Your practice undoubtedly has specializations in regulatory necessities but is it keeping up with the changes your clients require? Is the training available for you and/or your staff to learn what they need to know? These are questions that the Practice of Now’s findings suggest should not only be asked on a regular basis, but investigated with the intention that changes are immediately made.
Making the most of ongoing digitization
Technology and accounting have been tied together for nearly half a century now, with the electronic calculator bringing the industry into the modern era, and cloud computing, AI and bots being the latest technologies to fundamentally change the way accountants work.
Yet technology adoption isn’t moving fast enough—or so the accountants we surveyed in the Practice of Now report. Eight-five percent of accountants believe the profession in their country needs to pick up the pace of technology adoption to remain competitive internationally.
When asked why firms are lagging, reasons stated include a lack of time and money to invest in digital transformation (13% and 38% of survey respondents, respectively), although 25% of firms state a lack of expertise is holding them back.
Yet if there’s one thing accountants can be sure about, it’s that technology is a game changer. Generations of accountants have experienced this. To offer-up excuses rather than adopt new technology is a backwards move.
Once again the solution is to simply keep digitization in mind at all times. It shouldn’t be something that’s done once and then forgotten about, because technology is evolving at such a pace right now that new and useful products come to market on a regular basis.
For example, what do you know about blockchain and the switch to decentralized ledgers? What do you know about how machine learning is fundamentally changing the low-level admin jobs within the profession? If all of this sounds like gobbledygook then you have a major problem—and it’s something that will only get worse as time goes on.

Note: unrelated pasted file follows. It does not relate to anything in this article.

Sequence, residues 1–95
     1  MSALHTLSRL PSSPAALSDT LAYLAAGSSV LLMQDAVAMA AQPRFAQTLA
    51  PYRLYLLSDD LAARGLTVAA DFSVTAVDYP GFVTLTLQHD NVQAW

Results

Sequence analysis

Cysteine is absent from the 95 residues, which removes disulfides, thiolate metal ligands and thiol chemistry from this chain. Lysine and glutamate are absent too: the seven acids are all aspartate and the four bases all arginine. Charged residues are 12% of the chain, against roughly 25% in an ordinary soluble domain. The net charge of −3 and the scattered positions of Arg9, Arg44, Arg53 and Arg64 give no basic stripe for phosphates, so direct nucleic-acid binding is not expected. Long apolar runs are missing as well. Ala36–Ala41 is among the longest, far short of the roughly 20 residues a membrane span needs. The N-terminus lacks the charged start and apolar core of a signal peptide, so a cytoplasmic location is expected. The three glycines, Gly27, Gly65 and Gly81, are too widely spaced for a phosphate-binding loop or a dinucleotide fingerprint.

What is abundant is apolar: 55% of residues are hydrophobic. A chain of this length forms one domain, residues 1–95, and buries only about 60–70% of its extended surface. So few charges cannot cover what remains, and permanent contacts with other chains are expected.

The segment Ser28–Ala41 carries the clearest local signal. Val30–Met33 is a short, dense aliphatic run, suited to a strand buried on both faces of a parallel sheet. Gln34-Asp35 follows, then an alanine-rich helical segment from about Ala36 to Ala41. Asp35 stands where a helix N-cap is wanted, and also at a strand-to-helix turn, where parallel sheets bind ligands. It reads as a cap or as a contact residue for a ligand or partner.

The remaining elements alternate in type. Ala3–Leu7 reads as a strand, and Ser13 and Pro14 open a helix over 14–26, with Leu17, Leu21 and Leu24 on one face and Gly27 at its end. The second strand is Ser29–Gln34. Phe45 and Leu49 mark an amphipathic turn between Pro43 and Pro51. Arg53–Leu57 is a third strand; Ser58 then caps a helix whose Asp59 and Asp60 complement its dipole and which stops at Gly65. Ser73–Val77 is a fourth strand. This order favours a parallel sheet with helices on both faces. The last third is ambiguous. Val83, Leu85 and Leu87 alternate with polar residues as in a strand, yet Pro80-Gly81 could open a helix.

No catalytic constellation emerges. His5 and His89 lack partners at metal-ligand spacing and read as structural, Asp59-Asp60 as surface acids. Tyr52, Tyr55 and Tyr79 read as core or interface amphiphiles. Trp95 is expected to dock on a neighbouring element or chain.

Read-up on technologies and try to envision how they will affect your existing processes and tools. Look for how the technologies are starting to be implemented within businesses for examples. You might even make some cautious investments in training and technologies, but be sure to take your clients on the journey with you because ultimately it’s they who will benefit.
Adapting to generational changes
Much has been said about the millennial generation. Born between 1983 and 2000, the US Census Bureau reports that this is the largest living generation in the US by age. The year 2018 marked the first year that those born in the 21st century came of age.
Millennials were born into a world of technology, so instinctively turn to it without thinking for all their life activities. Not only that but, according to a report by Sage (Walking the Walk), millennials have a unique set of values unlike previous generations. For example, 62% of millennial entrepreneurs say they have sacrificed profit to stay true to their personal values, while 66% say they prioritize life over work. Two thirds of millennial entrepreneurs believe they’ll start more than one business in their lifetime.
The fact they’re now out there creating businesses is why they’re impacting the profession of accounting and helping create the cultural shift. They need accounting services, but they know enough to take care of the day-to-day stuff by themselves. They value accountants more as service-oriented business partners to guide them through the processes and pitfalls of business life. Can your practice provide that? If not, how can you make the necessary changes so you can do so—and therefore remain relevant?
But it’s not just a change in the type of clients. Increasingly millennials are entering the accounting profession too. Yet here there are again substantial benefits. What better way to encourage millennial-run businesses to become your clients than to have your own millennial employees who they can identify with and who share their values? Ensure you make use of millennials because research shows that they have high expectations for career progression—and little tolerance for low-level work.
There’s a perfect storm of challenges occurring at the moment that’s profoundly affecting the world of accounting, in a way that we haven’t see for decades. Indeed, it might be that we’ve simply never seen anything like this before.
The pressure is on all accounting firms to adapt and evolve. This might involve making radical changes. It will almost certainly involve a root-and-branch evaluation of your processes and attitudes. But as our research shows, there’s simply no choice if you want your practice to be ready for the next decade.